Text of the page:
Arkansas Attorney General Leslie Rutledge urged the Federal Communications Commission (FCC) to press forward against the scourge of illegal robocalls by moving up the deadline for smaller telephone companies to implement caller ID authentication technology. Attorney General Rutledge, along with Attorney General Josh Stein (NC) and Attorney General Josh Shapiro (PA) lead the bipartisan coalition of 51 attorneys general in submitting comments to the FCC.
“Every person with a phone has been a victim of the scourge of aggravating and illegal robocalls,” Rutledge said.
“For years, we have been promised this new technology to combat these calls, and now Arkansas and Americans are fed up with waiting. It is time for this technology to be fully implemented by all the phone carriers to put an end to robocalls,” she added.
Under the TRACED Act, which became law in 2019, phone companies are required to implement STIR/SHAKEN technology on their networks. This caller ID authentication technology helps ensure that telephone calls are originating from verified numbers, not spoofed sources. Large companies were required to implement the technology by June 2021, and smaller phone companies were given an extension until June 2023.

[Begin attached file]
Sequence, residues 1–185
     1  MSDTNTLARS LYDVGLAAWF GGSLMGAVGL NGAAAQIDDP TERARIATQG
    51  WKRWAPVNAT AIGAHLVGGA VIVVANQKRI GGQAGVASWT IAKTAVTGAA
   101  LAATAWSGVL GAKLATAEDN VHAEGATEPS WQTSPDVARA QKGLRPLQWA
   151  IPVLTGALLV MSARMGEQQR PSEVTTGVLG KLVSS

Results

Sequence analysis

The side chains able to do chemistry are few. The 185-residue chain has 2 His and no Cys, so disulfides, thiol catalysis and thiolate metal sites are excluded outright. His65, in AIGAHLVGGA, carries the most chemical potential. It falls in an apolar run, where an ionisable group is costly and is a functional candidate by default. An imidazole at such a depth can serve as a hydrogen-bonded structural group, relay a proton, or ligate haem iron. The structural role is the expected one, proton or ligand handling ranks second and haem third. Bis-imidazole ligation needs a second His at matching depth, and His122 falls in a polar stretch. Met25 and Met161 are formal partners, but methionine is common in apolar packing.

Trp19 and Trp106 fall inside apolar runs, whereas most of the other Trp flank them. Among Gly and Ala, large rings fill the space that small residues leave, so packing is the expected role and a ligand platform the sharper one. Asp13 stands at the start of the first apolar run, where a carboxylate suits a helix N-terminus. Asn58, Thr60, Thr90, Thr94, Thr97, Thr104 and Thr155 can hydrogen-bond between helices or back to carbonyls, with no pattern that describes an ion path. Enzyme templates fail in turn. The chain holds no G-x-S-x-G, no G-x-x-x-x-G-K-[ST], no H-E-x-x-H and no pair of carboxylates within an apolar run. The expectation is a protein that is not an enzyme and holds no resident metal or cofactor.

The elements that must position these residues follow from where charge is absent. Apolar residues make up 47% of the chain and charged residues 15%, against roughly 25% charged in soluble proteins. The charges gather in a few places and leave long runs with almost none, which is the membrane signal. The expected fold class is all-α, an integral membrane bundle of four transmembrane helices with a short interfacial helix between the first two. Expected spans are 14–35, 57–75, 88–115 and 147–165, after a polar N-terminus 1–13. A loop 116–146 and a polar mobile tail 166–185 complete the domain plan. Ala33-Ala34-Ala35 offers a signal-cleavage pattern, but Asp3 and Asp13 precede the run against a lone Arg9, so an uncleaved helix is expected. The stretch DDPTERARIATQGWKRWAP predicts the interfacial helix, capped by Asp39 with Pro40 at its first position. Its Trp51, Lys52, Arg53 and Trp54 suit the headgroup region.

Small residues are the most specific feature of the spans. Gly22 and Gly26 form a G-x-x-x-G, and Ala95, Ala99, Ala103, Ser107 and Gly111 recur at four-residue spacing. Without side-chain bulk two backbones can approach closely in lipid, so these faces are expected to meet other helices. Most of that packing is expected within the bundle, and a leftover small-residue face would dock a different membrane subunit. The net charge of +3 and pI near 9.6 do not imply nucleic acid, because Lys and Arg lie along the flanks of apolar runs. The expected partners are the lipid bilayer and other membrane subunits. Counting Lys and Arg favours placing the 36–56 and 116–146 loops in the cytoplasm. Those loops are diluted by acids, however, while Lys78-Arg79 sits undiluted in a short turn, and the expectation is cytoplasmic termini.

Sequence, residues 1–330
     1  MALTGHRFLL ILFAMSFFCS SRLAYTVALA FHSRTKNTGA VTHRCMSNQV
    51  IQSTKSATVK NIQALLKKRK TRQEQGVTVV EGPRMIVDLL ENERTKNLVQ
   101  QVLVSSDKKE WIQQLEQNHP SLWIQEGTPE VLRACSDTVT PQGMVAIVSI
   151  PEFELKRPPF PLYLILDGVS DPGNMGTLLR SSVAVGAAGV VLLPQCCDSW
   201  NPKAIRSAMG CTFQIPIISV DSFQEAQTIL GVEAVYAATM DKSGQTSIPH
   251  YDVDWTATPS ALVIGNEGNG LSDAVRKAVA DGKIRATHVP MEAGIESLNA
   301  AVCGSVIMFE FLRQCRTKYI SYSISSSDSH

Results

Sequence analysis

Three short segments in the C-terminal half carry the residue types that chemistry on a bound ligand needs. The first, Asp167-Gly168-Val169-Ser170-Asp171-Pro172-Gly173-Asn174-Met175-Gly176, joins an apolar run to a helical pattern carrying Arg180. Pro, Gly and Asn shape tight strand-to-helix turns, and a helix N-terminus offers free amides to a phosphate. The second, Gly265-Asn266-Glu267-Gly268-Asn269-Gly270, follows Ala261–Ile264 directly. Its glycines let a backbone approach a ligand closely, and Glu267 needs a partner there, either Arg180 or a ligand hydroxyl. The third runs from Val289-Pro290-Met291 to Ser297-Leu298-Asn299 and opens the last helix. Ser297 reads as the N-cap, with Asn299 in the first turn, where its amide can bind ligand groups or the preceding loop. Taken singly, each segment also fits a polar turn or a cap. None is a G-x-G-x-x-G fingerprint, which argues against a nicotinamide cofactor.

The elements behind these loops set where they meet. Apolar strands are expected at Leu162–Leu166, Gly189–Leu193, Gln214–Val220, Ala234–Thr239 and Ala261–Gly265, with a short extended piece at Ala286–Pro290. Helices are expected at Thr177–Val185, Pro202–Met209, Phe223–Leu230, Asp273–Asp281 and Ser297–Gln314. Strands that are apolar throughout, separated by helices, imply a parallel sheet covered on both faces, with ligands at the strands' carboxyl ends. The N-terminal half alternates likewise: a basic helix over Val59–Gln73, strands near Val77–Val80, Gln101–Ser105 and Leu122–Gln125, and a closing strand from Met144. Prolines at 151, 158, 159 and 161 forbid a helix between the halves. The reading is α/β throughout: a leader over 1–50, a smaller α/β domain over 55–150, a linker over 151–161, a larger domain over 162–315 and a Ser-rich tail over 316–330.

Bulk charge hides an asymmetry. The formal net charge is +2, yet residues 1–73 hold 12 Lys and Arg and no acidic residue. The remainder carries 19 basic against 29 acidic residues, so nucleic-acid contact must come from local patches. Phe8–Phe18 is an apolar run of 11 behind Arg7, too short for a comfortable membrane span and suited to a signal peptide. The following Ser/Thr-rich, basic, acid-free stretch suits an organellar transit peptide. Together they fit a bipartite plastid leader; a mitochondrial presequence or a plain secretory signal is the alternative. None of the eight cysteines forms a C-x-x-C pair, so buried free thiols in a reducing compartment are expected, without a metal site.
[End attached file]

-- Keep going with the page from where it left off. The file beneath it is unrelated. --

However, some of the same smaller phone companies that are benefitting from this extension are also responsible for originating or facilitating high volumes of illegal robocalls that spam Americans and lead to financial or personal data loss. Without the STIR/SHAKEN technology in place, these smaller companies are failing to take a necessary step to minimize the continued onslaught of illegally spoofed robocalls that harm residents.
The coalition of attorneys general are asking the FCC to require these companies to implement the STIR/SHAKEN technology as soon as possible and no later than June 30, 2022.